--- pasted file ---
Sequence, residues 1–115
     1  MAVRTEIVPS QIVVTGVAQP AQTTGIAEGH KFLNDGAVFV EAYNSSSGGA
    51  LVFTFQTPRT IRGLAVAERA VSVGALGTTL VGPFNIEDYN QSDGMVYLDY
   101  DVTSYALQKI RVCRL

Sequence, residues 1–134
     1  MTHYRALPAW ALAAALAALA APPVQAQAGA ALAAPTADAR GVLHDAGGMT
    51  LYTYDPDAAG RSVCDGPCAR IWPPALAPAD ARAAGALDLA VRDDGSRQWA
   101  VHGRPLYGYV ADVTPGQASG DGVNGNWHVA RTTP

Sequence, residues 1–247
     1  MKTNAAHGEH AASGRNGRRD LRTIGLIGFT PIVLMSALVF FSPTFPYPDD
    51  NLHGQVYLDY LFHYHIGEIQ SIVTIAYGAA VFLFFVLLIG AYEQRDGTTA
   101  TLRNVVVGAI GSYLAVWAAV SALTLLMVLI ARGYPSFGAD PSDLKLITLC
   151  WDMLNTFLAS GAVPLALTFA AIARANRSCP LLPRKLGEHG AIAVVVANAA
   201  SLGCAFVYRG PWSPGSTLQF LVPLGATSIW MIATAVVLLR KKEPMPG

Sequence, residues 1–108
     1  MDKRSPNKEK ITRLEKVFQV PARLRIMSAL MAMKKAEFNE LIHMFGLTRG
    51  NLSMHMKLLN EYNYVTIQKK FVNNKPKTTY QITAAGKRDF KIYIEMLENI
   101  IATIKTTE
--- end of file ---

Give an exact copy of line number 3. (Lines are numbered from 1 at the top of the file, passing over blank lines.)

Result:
    51  LVFTFQTPRT IRGLAVAERA VSVGALGTTL VGPFNIEDYN QSDGMVYLDY